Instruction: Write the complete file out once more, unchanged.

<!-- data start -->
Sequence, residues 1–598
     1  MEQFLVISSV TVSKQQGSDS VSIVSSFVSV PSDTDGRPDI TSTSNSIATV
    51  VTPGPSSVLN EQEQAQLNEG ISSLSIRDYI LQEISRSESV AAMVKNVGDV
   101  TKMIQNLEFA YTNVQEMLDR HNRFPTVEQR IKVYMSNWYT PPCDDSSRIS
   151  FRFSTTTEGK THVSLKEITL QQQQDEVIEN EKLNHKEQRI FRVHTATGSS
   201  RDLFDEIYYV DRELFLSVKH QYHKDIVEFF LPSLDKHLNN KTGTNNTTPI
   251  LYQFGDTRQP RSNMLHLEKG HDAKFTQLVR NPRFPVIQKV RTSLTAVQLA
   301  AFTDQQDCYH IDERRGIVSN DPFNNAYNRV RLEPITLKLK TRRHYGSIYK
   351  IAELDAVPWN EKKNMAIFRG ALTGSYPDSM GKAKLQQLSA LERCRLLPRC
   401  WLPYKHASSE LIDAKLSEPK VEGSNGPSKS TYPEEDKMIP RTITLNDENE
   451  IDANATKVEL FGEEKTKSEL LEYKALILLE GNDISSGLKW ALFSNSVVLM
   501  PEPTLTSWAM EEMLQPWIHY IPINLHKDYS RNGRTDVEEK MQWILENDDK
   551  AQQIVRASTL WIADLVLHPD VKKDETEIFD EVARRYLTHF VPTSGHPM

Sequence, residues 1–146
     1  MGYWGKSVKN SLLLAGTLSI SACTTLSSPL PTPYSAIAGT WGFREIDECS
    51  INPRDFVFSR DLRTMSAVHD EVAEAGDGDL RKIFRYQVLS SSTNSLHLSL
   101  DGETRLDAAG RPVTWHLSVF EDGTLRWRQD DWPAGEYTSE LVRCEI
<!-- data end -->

Sequence, residues 1–598
     1  MEQFLVISSV TVSKQQGSDS VSIVSSFVSV PSDTDGRPDI TSTSNSIATV
    51  VTPGPSSVLN EQEQAQLNEG ISSLSIRDYI LQEISRSESV AAMVKNVGDV
   101  TKMIQNLEFA YTNVQEMLDR HNRFPTVEQR IKVYMSNWYT PPCDDSSRIS
   151  FRFSTTTEGK THVSLKEITL QQQQDEVIEN EKLNHKEQRI FRVHTATGSS
   201  RDLFDEIYYV DRELFLSVKH QYHKDIVEFF LPSLDKHLNN KTGTNNTTPI
   251  LYQFGDTRQP RSNMLHLEKG HDAKFTQLVR NPRFPVIQKV RTSLTAVQLA
   301  AFTDQQDCYH IDERRGIVSN DPFNNAYNRV RLEPITLKLK TRRHYGSIYK
   351  IAELDAVPWN EKKNMAIFRG ALTGSYPDSM GKAKLQQLSA LERCRLLPRC
   401  WLPYKHASSE LIDAKLSEPK VEGSNGPSKS TYPEEDKMIP RTITLNDENE
   451  IDANATKVEL FGEEKTKSEL LEYKALILLE GNDISSGLKW ALFSNSVVLM
   501  PEPTLTSWAM EEMLQPWIHY IPINLHKDYS RNGRTDVEEK MQWILENDDK
   551  AQQIVRASTL WIADLVLHPD VKKDETEIFD EVARRYLTHF VPTSGHPM

Sequence, residues 1–146
     1  MGYWGKSVKN SLLLAGTLSI SACTTLSSPL PTPYSAIAGT WGFREIDECS
    51  INPRDFVFSR DLRTMSAVHD EVAEAGDGDL RKIFRYQVLS SSTNSLHLSL
   101  DGETRLDAAG RPVTWHLSVF EDGTLRWRQD DWPAGEYTSE LVRCEI